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Friday, 6 January 2012

Astronomy lecture.Western Mare Crisium.Pictures by telescope

These captures of western Crisium sea through the telescope, are presented in another article: Video by astronomical telescope-near Western Mare Crisium.
There are many present craters on this large area, and I will only talk about features that were not discussed before.

We start with Burkhardt crater (57 km), which is located between craters Geminus (86 km), on north, and Cleomedes on south.
Burckhardt is located on two slightly smaller-sized craters on the opposite sides, producing a triple crater formation. Burckhardt E (39 km), is covered by the southwest quadrant of Burckhardt's, while Burckhardt F (43 km), is covered by the northwest quadrant. Crater rim is circular, but somewhat irregular in shape. There is a central peak near the midpoint of the crater floor.

Stucked in the western edge of the crater Cleomedes, is Tralles, and to the east of Cleomedes is the crater Delmotte (32 km), a small crater, whose characteristics are difficult to see because of its position.

Continue to the next photo description below, are craters Macrobius and Tisserand, 64 and 37 km, crater ray Proclus (28 km), and west of Proclus is Palus Somni , an area of 143 km,.

In the third picture below, there are many small craters on the surface of the sea, but also on its edge.
Peirce crater (19 km) with Picard (23 km), are those who are most "into the sea" of Crisium.
Picard's interior has a series of terraces, which seismologists have attributed to a collapse of the crater floor. The lowest point of the crater floor is about 2000 meters below its rim, and has a small hill in the center.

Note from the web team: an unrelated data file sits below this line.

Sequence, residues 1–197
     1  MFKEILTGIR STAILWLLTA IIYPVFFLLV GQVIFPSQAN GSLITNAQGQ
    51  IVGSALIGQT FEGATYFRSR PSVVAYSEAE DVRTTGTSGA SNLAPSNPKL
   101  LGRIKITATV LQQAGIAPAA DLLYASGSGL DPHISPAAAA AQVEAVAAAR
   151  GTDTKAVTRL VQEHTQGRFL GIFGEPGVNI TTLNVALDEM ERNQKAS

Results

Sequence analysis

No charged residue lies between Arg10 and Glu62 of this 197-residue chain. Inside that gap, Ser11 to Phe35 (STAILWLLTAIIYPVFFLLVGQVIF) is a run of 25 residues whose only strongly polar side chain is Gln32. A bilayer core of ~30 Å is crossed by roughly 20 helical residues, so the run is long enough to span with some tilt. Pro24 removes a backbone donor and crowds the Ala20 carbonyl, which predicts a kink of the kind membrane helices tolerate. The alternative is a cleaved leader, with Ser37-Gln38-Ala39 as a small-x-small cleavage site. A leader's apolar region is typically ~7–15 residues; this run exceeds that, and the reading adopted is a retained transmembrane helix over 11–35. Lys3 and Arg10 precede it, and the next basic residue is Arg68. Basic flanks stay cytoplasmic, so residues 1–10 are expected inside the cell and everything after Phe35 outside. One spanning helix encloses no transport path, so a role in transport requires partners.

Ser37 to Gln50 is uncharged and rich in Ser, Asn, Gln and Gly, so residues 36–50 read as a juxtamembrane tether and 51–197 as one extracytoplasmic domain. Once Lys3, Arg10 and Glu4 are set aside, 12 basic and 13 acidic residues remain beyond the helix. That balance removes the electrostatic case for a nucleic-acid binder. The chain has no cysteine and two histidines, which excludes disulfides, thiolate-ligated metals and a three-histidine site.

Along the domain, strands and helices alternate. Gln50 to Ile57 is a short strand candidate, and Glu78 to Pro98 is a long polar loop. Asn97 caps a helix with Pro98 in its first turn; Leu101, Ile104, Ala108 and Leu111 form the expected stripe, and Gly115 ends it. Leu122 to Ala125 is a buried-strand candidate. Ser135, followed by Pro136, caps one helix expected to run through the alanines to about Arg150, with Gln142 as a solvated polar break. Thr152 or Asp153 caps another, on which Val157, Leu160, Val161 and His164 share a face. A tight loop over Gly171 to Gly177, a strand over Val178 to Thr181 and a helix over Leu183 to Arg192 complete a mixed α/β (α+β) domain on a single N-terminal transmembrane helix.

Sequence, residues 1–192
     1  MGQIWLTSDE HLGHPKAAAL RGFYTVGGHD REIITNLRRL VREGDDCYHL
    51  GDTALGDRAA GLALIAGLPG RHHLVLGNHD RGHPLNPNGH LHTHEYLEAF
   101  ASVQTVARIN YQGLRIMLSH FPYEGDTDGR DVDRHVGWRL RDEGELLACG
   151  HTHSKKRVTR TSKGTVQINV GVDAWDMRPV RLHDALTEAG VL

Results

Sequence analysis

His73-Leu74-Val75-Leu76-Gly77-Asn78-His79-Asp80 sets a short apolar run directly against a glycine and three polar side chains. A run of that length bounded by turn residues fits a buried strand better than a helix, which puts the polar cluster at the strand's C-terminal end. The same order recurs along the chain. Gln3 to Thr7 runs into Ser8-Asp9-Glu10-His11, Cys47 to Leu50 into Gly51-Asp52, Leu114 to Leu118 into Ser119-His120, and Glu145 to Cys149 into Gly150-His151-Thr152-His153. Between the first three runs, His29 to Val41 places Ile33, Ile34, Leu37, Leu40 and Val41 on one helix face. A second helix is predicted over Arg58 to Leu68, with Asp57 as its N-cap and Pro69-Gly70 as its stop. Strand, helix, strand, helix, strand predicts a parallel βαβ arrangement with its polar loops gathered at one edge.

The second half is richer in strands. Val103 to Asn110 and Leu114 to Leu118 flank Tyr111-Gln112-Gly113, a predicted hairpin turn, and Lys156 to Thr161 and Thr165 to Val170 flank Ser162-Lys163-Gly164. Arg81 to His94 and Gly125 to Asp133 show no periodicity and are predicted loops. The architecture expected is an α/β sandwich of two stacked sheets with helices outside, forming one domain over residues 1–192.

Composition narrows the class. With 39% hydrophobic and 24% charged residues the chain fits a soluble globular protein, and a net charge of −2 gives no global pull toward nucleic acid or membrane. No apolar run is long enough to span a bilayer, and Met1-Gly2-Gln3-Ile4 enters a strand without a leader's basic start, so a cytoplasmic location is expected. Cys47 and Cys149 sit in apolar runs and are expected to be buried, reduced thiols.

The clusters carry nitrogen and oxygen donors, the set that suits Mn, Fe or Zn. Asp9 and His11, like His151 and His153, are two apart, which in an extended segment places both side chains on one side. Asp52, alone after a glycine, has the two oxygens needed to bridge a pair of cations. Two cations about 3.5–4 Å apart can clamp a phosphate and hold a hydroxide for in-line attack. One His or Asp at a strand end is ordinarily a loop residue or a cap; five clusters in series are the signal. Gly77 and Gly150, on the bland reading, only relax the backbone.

Other craters located further to the edge of the sea are Yerkes (36 km), Lick (31 km), Greaves (14 km), and Glaisher crater (16 km).

Yerkes crater (36 km), it seems interesting, because its inside was almost completely flooded by lava, leaving only a shallow remnant edge above the seaand the edge is the most visible in west. The floor has a similar albedo with the large Crisium sea, so Yerkes's features are not distinct by surroundings.

About craters Firmicus (56 km) and Apollonius (53 km), I will speak in another article dedicated to them.

Photographer: Victor Lupu
Optics: Celestron C8-Newtonian telescope, plossl 20mm, 2x Barlow
Mount: CG5 (EQ5)
Device: Sony CX105 to 8x optical zoom
Total Magnification: 800x
Filter: no
Date: 08/16/2011
Location: Baia Mare, Romania

Processing: video capture, FastStone Image Viewer

Above are images processed in Registax.


Paulina lata said...

Beautyness and imaginativeness :)

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